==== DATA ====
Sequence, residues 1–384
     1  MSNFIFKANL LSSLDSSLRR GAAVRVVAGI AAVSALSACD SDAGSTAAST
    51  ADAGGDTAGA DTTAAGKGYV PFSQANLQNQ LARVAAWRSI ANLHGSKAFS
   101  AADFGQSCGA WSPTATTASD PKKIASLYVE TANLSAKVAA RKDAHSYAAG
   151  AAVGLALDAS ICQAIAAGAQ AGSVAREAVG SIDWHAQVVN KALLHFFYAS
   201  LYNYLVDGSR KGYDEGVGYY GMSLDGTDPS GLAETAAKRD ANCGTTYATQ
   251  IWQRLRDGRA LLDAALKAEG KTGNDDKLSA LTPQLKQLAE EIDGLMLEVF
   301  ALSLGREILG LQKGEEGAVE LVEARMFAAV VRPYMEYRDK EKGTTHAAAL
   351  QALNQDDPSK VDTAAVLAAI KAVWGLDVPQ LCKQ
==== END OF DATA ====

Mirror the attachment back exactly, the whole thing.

Sequence, residues 1–384
     1  MSNFIFKANL LSSLDSSLRR GAAVRVVAGI AAVSALSACD SDAGSTAAST
    51  ADAGGDTAGA DTTAAGKGYV PFSQANLQNQ LARVAAWRSI ANLHGSKAFS
   101  AADFGQSCGA WSPTATTASD PKKIASLYVE TANLSAKVAA RKDAHSYAAG
   151  AAVGLALDAS ICQAIAAGAQ AGSVAREAVG SIDWHAQVVN KALLHFFYAS
   201  LYNYLVDGSR KGYDEGVGYY GMSLDGTDPS GLAETAAKRD ANCGTTYATQ
   251  IWQRLRDGRA LLDAALKAEG KTGNDDKLSA LTPQLKQLAE EIDGLMLEVF
   301  ALSLGREILG LQKGEEGAVE LVEARMFAAV VRPYMEYRDK EKGTTHAAAL
   351  QALNQDDPSK VDTAAVLAAI KAVWGLDVPQ LCKQ